Forbidding religious avatars on coupon website is not discriminatory, Tribunal finds
One of the more difficult things the Tribunal does is decide whether an activity triggers the Code’s protection from discrimination on the basis of religion. If it does, the Tribunal will then engage in additional analysis, but at the outset the question is whether the Code is engaged at all.
In Clipperton-Boyer v RedFlagDeals.com, 2014 HRTO 1796, the complainant’s avatar was a stylized fish accompanied by the words “Jesus Christ, God’s Son, Saviour.” He was a frequent commenter on the forum, and he used the logo for several years without any issues. After others complained, however, he was asked to change his avatar three times.
The logo violated the forum policy of the host website, RedFlagDeals.com, which forbids religious and political messaging on its site. While the policy may have a whiff of a kind of forced secularism, at the hearing RedFlagDeals.com defended its policy in the following way:
[T]he Forum Rules reflect the concern that off-topic postings relating to controversial topics such as politics or religion can lead to personal attacks, angry disputes and discriminatory remarks.
In the end, the wisdom of such a policy was not the central issue, because the Tribunal found that the religious protection was not engaged by the policy as it applied to this claimant.
Why? To understand the distinction, you have to understand that the Tribunal will only accept religious claims which fall into three categories. The claimant must prove: an activity is objectively required by his religion; or that he in his mind believes that the activity is required by his religion; or that “the practice engenders a personal, subjective connection to the divine or to the subject or object of his or her spiritual faith.”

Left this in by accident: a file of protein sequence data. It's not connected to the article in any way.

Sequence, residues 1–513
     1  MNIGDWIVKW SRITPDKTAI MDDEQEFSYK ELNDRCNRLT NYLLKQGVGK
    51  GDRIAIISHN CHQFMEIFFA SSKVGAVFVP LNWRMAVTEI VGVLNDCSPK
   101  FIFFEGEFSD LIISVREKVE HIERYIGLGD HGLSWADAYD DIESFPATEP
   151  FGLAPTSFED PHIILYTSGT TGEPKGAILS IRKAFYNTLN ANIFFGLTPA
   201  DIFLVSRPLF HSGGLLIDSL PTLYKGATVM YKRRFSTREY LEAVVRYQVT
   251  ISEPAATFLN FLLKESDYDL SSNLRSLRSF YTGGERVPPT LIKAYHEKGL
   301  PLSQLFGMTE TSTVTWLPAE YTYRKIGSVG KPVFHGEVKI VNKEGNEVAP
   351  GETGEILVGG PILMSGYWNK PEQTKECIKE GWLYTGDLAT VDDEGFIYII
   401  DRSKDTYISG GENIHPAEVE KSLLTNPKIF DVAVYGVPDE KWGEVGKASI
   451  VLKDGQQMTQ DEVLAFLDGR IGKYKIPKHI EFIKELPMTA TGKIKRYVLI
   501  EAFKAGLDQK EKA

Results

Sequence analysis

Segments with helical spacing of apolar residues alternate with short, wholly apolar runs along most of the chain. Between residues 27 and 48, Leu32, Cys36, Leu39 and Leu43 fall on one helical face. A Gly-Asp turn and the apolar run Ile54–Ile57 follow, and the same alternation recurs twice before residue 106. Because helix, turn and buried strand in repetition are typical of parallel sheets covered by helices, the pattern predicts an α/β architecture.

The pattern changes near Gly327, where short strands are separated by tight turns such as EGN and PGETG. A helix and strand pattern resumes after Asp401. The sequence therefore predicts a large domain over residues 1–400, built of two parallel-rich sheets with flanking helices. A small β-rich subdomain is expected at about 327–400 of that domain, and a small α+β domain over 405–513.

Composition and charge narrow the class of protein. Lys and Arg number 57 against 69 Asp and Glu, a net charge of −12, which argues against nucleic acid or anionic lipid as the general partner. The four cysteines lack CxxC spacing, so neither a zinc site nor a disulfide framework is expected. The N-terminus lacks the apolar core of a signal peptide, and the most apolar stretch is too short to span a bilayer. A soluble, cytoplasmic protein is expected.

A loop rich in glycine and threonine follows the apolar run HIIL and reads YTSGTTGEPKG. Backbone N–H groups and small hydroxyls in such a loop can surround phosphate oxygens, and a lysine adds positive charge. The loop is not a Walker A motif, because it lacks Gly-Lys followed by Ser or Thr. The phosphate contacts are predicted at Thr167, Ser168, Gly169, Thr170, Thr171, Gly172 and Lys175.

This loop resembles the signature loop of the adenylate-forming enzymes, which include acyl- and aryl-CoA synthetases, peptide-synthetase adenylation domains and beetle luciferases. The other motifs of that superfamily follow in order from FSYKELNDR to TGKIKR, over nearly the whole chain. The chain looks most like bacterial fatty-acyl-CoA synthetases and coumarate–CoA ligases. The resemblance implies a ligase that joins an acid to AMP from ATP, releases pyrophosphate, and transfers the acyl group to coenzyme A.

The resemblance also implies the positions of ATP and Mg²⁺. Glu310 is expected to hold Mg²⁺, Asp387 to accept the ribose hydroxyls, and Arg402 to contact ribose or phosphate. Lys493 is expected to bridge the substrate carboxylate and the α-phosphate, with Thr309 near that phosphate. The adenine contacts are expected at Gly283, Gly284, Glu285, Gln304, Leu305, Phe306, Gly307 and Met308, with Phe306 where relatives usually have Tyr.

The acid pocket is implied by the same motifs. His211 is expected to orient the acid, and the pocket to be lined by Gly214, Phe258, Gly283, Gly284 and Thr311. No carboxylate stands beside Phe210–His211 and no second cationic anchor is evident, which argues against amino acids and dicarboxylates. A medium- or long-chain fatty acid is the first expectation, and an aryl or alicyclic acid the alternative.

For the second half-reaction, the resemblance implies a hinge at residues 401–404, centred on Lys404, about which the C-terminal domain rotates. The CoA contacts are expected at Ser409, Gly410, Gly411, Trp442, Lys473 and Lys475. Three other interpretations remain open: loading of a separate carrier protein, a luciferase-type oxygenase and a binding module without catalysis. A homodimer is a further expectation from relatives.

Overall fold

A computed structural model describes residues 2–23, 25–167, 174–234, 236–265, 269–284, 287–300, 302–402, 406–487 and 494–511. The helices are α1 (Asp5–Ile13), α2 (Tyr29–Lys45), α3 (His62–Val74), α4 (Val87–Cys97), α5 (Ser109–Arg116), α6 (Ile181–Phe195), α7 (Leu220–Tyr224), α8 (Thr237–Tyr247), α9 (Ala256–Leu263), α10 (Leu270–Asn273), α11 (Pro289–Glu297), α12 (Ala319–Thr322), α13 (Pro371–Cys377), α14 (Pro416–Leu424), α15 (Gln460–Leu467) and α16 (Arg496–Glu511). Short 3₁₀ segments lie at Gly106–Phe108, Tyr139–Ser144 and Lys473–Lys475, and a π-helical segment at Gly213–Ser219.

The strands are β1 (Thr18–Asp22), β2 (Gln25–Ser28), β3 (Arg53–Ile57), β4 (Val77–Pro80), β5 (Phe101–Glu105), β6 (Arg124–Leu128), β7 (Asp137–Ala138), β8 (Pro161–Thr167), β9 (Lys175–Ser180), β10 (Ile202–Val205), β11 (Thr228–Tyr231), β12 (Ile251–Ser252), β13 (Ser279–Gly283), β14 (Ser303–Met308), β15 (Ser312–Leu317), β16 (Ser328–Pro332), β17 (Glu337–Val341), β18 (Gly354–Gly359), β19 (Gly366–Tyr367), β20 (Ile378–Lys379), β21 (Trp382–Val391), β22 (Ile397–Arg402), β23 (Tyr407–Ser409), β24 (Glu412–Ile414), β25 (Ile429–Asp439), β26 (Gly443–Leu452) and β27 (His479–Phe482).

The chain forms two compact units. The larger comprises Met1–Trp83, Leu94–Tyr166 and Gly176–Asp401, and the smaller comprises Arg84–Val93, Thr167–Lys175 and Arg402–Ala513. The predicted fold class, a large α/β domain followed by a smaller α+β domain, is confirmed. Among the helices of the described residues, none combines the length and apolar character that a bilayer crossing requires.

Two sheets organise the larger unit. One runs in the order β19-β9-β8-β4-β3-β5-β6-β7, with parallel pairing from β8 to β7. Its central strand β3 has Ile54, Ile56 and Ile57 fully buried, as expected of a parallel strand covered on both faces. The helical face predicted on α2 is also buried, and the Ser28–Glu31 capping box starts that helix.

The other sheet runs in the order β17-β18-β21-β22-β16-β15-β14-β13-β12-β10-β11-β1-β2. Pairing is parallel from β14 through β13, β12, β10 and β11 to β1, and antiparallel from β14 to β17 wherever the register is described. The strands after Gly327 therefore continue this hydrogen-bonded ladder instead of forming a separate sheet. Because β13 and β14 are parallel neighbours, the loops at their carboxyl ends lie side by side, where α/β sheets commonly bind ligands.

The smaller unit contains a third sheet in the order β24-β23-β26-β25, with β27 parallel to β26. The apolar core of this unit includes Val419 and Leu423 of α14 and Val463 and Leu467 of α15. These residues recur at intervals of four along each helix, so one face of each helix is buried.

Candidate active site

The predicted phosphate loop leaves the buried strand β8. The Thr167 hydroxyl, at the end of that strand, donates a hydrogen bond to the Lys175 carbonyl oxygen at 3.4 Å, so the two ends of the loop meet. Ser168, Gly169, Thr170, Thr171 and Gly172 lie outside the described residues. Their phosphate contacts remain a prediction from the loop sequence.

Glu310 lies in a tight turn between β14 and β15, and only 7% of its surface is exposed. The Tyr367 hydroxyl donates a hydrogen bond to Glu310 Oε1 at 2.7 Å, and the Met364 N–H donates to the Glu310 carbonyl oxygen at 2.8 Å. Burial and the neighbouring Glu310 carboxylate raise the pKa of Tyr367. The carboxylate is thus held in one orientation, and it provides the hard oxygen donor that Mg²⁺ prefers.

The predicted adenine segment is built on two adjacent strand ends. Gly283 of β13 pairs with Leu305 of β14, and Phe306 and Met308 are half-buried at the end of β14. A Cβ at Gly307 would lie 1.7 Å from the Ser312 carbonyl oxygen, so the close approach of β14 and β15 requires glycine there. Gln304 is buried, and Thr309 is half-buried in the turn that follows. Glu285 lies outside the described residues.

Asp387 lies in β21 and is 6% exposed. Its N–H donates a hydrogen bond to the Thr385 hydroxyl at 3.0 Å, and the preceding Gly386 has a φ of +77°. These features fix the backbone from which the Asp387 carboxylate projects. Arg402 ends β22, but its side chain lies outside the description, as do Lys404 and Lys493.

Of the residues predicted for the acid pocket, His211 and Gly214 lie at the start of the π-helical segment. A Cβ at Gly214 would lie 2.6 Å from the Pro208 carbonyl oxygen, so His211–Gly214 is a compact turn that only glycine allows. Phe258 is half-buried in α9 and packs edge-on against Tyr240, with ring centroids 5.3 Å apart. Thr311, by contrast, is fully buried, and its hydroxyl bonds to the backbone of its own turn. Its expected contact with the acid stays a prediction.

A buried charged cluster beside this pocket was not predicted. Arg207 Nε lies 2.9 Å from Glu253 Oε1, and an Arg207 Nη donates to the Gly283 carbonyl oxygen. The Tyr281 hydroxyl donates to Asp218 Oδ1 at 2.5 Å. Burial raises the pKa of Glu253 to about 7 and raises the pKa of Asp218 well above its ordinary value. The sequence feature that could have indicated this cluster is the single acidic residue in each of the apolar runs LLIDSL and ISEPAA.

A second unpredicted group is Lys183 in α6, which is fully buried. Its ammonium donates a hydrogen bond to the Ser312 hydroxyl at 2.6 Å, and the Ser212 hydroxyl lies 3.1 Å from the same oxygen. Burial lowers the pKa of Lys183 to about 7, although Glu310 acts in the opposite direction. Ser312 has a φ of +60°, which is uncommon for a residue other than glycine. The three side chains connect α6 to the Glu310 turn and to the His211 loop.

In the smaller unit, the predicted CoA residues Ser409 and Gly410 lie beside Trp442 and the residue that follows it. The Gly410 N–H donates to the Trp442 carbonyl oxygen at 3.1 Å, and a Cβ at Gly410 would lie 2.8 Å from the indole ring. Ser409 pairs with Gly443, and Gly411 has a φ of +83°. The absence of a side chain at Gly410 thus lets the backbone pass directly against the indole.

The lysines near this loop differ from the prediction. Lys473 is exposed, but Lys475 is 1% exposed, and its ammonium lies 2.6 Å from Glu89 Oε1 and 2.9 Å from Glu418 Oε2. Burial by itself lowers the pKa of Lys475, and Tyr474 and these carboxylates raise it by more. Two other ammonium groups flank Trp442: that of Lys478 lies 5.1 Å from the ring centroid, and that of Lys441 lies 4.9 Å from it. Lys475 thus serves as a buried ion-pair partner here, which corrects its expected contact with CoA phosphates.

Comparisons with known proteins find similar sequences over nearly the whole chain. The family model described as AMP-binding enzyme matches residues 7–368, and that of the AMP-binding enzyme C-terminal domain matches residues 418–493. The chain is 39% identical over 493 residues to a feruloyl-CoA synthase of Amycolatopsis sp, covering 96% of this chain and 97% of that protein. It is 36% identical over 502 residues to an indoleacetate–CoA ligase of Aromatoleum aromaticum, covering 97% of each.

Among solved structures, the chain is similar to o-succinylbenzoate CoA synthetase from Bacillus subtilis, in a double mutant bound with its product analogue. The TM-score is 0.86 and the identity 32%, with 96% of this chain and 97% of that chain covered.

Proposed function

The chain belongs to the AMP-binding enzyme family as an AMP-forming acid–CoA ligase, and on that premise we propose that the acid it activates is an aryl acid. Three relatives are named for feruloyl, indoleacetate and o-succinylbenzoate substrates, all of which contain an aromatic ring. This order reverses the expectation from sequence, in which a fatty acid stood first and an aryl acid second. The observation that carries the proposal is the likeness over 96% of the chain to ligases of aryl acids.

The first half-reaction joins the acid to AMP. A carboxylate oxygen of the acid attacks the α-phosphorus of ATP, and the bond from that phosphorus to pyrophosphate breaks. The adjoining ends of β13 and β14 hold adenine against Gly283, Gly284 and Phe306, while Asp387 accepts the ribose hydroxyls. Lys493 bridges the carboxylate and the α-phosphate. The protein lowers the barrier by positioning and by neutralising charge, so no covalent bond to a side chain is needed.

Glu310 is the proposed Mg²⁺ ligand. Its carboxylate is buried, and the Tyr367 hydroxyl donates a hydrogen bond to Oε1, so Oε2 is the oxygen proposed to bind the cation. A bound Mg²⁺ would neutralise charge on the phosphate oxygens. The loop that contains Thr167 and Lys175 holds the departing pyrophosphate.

This test can sometimes put the Tribunal in a bit of an awkward spot. In the RedFlagDeals.com case, each of these categories was put to the applicant. He testified that the avatar gave him “a little spark”, and that it was comparable to a t-shirt or a tattoo. As the Tribunal concluded:
In my view, the applicant’s analogy of his use of the avatar to wearing a religious T-shirt or having a religious tattoo is apt. It is simply a personal and outward display of one’s religious beliefs that may make the person feel good and remind them of their faith, but does not engender any profound or deep connection to the divine.
Since the avatar was also not required by his religion, the Tribunal found that the policy wasn’t a violation of the Code on its face.
It may well be that the Tribunal underestimated the centrality of outward expressions of religiosity to some adherents. Certainly, it would have been a tougher case for the Tribunal to decide if evidence had been led about the importance of evangelizing among some Protestant denominations.
But at the end of the day, cases like this one are decided based on the evidence before the Tribunal, and applicants are required to put their best foot forward. Characterizing the nature of the religious practice at stake became the pivot on which the case turned. With a different characterization, the case may have been resolved differently.
Millard & Company specializes in employment and human rights law and has represented both applicants and respondents in many cases before the Ontario Human Rights Tribunal.
[Photo by Marcie Casas used under cc licensing]